- Neighborhood volunteers form emergency response teams in Bay area in case of disasters on June 20, 2017 at 2:05 pm
The program's website explains trained professionals educate people about basic disaster response ... Emergency Management team recently updated brochures with their Disaster Planning Guide that states your evacuation zone may have changed this year. You ... […]
- NASA harnesses space technology to find victims of natural disasters on June 17, 2015 at 7:18 am
The cutting-edge Finding Individuals for Disaster and Emergency Response (FINDER) technology recently saved four lives in during a collapse of a textile factory and another building in village of Chautara in Nepal. What exactly is FINDER? It is a portable ... […]
- Disaster Reduction Day highlights needs and roles of older people for emergencies on October 9, 2014 at 5:00 pm
When uprooted and resettled in emergency camps, they are often unable to obtain care or medication for chronic conditions such as high blood pressure. They can find it ... including older people in feeding programmes in response to disasters.&rdquo […]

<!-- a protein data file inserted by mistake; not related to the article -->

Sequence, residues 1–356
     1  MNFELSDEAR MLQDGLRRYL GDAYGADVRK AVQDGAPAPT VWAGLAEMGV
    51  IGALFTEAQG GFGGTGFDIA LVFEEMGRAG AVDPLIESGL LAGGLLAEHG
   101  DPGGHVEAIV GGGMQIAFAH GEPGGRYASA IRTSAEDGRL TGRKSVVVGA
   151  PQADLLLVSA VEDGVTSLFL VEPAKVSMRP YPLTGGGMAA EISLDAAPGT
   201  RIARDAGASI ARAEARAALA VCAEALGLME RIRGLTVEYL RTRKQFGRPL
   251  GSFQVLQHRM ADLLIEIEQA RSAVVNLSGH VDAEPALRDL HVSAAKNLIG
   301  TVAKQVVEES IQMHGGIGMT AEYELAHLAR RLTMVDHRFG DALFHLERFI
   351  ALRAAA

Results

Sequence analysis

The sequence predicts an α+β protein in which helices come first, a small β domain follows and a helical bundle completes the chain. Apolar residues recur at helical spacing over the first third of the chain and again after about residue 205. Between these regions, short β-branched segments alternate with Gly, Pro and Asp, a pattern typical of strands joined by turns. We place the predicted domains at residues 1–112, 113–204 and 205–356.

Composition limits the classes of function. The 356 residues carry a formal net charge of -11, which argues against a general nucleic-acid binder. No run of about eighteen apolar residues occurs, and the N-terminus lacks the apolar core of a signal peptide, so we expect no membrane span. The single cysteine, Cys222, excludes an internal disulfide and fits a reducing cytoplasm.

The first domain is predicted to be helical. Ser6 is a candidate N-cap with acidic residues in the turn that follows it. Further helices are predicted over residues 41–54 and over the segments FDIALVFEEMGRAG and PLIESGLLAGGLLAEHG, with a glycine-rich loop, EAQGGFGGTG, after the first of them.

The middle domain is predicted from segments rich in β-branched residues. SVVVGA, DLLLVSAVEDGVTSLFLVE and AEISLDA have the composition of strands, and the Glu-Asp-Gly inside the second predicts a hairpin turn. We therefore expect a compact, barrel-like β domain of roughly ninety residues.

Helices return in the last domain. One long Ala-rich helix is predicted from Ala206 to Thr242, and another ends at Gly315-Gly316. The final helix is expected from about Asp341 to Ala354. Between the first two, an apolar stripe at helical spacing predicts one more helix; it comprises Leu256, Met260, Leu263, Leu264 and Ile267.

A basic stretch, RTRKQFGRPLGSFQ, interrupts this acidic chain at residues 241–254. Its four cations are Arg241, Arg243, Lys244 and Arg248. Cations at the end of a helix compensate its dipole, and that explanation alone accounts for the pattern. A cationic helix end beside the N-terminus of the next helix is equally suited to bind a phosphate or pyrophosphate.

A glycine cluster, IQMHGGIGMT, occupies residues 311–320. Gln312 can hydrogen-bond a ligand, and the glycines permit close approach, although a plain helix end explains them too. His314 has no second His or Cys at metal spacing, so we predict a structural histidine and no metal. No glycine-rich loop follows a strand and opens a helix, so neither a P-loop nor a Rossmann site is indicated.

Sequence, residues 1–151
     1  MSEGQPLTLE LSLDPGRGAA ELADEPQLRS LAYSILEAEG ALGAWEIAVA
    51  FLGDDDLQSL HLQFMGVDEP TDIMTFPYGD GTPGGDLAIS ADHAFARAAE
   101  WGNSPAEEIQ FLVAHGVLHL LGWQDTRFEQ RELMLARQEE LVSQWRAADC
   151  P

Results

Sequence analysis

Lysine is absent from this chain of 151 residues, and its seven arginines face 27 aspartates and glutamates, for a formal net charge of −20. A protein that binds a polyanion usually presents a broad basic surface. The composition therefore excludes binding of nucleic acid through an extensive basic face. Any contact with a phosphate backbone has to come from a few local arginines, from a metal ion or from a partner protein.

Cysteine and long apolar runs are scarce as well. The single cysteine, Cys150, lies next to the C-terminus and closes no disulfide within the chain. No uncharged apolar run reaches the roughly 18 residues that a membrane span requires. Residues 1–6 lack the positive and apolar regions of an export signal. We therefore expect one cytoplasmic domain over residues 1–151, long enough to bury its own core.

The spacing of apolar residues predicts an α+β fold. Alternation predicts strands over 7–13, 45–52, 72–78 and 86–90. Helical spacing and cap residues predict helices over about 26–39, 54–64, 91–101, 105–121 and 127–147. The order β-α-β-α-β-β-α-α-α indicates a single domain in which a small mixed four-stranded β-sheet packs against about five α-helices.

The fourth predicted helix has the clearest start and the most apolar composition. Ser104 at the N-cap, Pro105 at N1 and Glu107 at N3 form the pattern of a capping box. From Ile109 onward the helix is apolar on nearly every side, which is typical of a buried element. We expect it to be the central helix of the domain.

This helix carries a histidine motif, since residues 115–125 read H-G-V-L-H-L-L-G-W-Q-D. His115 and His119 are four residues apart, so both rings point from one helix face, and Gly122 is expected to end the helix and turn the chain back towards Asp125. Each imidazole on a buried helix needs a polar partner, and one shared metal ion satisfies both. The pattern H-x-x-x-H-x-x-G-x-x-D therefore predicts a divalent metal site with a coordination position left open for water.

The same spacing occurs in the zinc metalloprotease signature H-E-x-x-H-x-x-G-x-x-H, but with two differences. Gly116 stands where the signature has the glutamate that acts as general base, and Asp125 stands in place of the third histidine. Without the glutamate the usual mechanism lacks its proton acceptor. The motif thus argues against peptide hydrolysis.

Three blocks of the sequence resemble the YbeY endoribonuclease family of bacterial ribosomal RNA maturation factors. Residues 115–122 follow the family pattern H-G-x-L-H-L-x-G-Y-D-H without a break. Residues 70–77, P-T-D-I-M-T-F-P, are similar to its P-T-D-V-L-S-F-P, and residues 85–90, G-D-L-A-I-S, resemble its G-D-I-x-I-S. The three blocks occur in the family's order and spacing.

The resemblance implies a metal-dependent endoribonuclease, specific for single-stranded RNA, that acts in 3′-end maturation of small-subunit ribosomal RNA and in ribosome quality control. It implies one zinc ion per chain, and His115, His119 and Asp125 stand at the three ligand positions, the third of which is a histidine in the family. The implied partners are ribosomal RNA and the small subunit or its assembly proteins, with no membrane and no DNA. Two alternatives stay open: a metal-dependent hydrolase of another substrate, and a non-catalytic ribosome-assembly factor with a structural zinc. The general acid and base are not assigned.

- FINDER Boost Emergency Response on September 13, 2013 at 4:07 pm
A modern technology gadget called FINDER that can detect a human heart beat 30 feet below rubble has been successfully tested to boost emergency response in several rescue scenarios. The Finding Individuals for Disaster and Emergency Response (FINDER ... […]
- Disaster and emergency management field growing on June 28, 2013 at 1:18 am
Jobs are increasing in both the public and private sector, ranging from companies like Servpro to disaster response ... in the number of people meeting the education and training standards needed for an Illinois Professional Emergency Management Certificate. […]
- How Social Media Is Changing Disaster Response on April 9, 2012 at 4:10 am
As social media continues to play a pervasive role in the way people think, act and react to the world, it's also changing one of the most crucial ways of actually helping the world: how people respond to emergencies and disaster. From government agencies ... […]
via Google News and Bing News